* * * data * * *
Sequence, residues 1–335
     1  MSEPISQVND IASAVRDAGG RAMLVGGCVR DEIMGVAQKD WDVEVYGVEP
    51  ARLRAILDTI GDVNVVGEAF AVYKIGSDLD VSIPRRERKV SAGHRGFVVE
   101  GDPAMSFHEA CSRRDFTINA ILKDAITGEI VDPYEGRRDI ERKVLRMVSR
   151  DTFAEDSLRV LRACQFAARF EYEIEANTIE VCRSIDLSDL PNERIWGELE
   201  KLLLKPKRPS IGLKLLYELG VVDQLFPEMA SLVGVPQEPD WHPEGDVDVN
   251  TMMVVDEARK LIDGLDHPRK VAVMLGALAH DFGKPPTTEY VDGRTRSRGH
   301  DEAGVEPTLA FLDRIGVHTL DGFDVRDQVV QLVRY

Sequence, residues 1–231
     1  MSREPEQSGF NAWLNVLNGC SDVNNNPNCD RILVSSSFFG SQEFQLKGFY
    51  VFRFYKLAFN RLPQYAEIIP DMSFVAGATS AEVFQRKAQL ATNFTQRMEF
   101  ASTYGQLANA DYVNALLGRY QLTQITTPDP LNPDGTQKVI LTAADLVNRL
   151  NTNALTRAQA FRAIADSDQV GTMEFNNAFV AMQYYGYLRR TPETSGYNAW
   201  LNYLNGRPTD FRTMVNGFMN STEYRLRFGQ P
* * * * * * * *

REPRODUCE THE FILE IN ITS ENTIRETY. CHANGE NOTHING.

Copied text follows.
Sequence, residues 1–335
     1  MSEPISQVND IASAVRDAGG RAMLVGGCVR DEIMGVAQKD WDVEVYGVEP
    51  ARLRAILDTI GDVNVVGEAF AVYKIGSDLD VSIPRRERKV SAGHRGFVVE
   101  GDPAMSFHEA CSRRDFTINA ILKDAITGEI VDPYEGRRDI ERKVLRMVSR
   151  DTFAEDSLRV LRACQFAARF EYEIEANTIE VCRSIDLSDL PNERIWGELE
   201  KLLLKPKRPS IGLKLLYELG VVDQLFPEMA SLVGVPQEPD WHPEGDVDVN
   251  TMMVVDEARK LIDGLDHPRK VAVMLGALAH DFGKPPTTEY VDGRTRSRGH
   301  DEAGVEPTLA FLDRIGVHTL DGFDVRDQVV QLVRY

Sequence, residues 1–231
     1  MSREPEQSGF NAWLNVLNGC SDVNNNPNCD RILVSSSFFG SQEFQLKGFY
    51  VFRFYKLAFN RLPQYAEIIP DMSFVAGATS AEVFQRKAQL ATNFTQRMEF
   101  ASTYGQLANA DYVNALLGRY QLTQITTPDP LNPDGTQKVI LTAADLVNRL
   151  NTNALTRAQA FRAIADSDQV GTMEFNNAFV AMQYYGYLRR TPETSGYNAW
   201  LNYLNGRPTD FRTMVNGFMN STEYRLRFGQ P